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Debt ceiling?  Gun control?  Whatever it is, put it on the back burner.  Nothing can be more important over this next two weeks than pushing Harry Reid and the Senate Dems to enact REAL filibuster reform.  It'll decide almost entirely whether the next two years are spent solving big issues, or instead spent spinning our tires and getting watered down half measures that solve little in exchange for chipping away at the safety net.

As we speak Carl Levin and a cadre of knuckleheads are attempting to water down reform, and in fact potentially invite more gridlock.

The time for pressure is now.  Call Harry Reid and your senator.  Let them know they should support Senator Merkley's reform plan.  Let them know that the days of "Gosh, if only we had 60 votes we could do something" are over!

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Comment Preferences

  •  If it is more important (1+ / 0-)
    Recommended by:
    misslegalbeagle

    Then would you be willing to trade significant policy concessions, such as on gun control, to get filibuster reform that you desire?

    •  I don't think that's what the diarist is (2+ / 0-)
      Recommended by:
      Amber6541, mightymouse

      suggesting. He's talking about what we should be putting pressure on the Senate over.
      Obviously all that is important, and all that can be obstructed by one Senator if we don't get filibuster reform.

      You can't make this stuff up.

      by David54 on Thu Jan 03, 2013 at 06:52:27 PM PST

      [ Parent ]

      •  It's what I am suggesting (1+ / 0-)
        Recommended by:
        misslegalbeagle

        The logical consequence of filibuster reform being more important than policy is that filibuster reform plus a compromise on policy should be preferable to no filibuster reform and an unlikely reaching of policy goals.

        This is actually a road I would like to explore, as to what policy compromises are worth giving up in order to enact serious process reform that would have us perhaps worse off in the short-term, but better off in the long run.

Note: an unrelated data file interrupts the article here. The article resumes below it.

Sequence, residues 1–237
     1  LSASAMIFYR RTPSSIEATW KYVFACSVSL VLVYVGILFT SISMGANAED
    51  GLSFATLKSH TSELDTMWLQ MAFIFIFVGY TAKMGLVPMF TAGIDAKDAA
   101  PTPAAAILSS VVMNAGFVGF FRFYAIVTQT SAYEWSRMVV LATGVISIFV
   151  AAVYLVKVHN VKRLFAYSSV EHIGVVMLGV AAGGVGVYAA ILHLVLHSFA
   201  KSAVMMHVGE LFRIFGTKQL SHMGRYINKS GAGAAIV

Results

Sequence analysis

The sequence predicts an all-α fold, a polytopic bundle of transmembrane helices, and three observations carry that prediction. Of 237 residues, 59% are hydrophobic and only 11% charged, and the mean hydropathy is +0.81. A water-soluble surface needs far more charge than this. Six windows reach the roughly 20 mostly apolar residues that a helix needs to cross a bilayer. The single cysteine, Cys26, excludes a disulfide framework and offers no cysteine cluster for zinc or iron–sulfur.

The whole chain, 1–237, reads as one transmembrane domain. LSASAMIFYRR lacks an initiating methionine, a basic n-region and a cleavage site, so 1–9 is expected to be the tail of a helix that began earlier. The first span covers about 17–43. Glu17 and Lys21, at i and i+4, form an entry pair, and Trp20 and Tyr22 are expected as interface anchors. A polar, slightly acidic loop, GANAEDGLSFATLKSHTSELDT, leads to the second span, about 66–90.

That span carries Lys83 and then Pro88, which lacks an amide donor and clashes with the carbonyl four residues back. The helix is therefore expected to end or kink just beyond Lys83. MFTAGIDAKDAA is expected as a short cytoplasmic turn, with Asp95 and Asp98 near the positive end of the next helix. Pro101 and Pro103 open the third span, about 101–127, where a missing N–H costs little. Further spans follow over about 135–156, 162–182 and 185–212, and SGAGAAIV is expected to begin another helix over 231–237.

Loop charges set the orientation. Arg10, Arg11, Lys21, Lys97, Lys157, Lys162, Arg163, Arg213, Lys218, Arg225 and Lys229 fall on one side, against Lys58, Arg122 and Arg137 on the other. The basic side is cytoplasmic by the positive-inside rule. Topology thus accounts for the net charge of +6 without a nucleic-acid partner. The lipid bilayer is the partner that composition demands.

•  I don't see how giving up on gun regulations would (0+ / 0-)

          help get filibuster reform.
          Right now you have bipartisan determination to do something about gun violence. There's no policy whatsoever that is going to erase the image of those children who were murdered from the public consciousness.
          It's got its own space.

          You can't make this stuff up.

          by David54 on Thu Jan 03, 2013 at 07:02:27 PM PST

          [ Parent ]

          •  It's a purely hypothetical scenario (1+ / 0-)
            Recommended by:
            misslegalbeagle

            It doesn't have to be gun control.  That was just something that was mentioned.

            My point is, if filibuster reform is sufficiently desirable, then we should be willing to compromise on policy if that is the only way to make it happen, should the opportunity arise.

            •  I agree. Compromise temporarily. (0+ / 0-)

              Until we can once and for all GET THEM OUT OF THE WAY. (sorry for screaming).
              But I do think the gun thing is a special case that won't be subject to the same wheeling/dealing as everything else.

              You can't make this stuff up.

              by David54 on Thu Jan 03, 2013 at 07:53:21 PM PST

              [ Parent ]

        •  No compromise is necessary. (3+ / 0-)
          Recommended by:
          schuylkill, mightymouse, unfangus

          If they choose, Senate Dems could vote any reform they choose with 51 votes.  All they have to do is choose.

          Instead they are waffling with the idea of a watered down reform that Republicans will like also, to make reform seem "bipartisan".  Considering how Republicans obviously don't care about looking "bipartisan", and how there is obviously little political price to pay for being very partisan these days, one has to wonder what Levin and his cadre thinking.

      •  Exactly... (1+ / 0-)
        Recommended by:
        mightymouse

        I do care about Gun Control, and quite a few other issues, which is exactly why filibuster reform needs to be our top priority right now...  it will decide whether these other issues get addressed at all, never mind whether we get effective solutions.

        Remember the health care debate?  Imagine if we'd done filibuster reform in 2008, and there was no excuse to not put Single Payer on the table.

        •  Well, at the time, single payer would have (0+ / 0-)

          eliminated a massive industry which has very, very deep roots on Wall Street and the global economy.

          Single payer would have created a global depression.